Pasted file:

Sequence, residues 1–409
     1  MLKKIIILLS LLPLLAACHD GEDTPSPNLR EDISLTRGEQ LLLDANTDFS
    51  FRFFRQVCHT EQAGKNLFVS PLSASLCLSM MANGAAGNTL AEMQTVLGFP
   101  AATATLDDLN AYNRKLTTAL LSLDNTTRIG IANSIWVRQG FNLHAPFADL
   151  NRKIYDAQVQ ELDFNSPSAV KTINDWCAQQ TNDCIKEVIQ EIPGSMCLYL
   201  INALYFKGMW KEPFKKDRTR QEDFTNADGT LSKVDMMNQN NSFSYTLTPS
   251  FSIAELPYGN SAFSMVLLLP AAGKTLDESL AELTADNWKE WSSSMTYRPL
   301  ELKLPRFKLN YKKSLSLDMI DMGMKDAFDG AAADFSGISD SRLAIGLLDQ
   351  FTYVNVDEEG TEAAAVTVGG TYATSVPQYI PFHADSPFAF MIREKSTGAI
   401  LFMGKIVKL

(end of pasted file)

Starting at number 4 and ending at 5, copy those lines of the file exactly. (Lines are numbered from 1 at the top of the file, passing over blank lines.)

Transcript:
   101  AATATLDDLN AYNRKLTTAL LSLDNTTRIG IANSIWVRQG FNLHAPFADL
   151  NRKIYDAQVQ ELDFNSPSAV KTINDWCAQQ TNDCIKEVIQ EIPGSMCLYL